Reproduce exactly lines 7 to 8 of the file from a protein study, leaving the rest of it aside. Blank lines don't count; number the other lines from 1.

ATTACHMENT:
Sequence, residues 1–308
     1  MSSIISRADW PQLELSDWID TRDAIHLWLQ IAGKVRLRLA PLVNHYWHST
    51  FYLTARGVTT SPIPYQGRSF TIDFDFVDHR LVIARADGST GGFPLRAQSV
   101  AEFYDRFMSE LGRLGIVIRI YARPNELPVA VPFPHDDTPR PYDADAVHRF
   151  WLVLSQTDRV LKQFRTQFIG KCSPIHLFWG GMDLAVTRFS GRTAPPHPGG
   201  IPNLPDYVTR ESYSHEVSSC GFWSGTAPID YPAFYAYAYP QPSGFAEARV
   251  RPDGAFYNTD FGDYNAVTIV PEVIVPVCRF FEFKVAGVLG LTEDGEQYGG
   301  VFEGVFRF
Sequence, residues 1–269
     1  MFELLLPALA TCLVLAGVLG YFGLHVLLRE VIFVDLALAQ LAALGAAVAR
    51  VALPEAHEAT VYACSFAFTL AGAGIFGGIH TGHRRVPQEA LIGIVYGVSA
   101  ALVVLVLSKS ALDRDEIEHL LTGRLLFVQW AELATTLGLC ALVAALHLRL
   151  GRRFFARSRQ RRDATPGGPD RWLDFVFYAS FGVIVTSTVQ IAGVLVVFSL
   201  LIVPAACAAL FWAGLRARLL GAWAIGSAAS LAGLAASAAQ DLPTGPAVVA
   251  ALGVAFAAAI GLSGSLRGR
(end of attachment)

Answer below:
   251  RPDGAFYNTD FGDYNAVTIV PEVIVPVCRF FEFKVAGVLG LTEDGEQYGG
   301  VFEGVFRF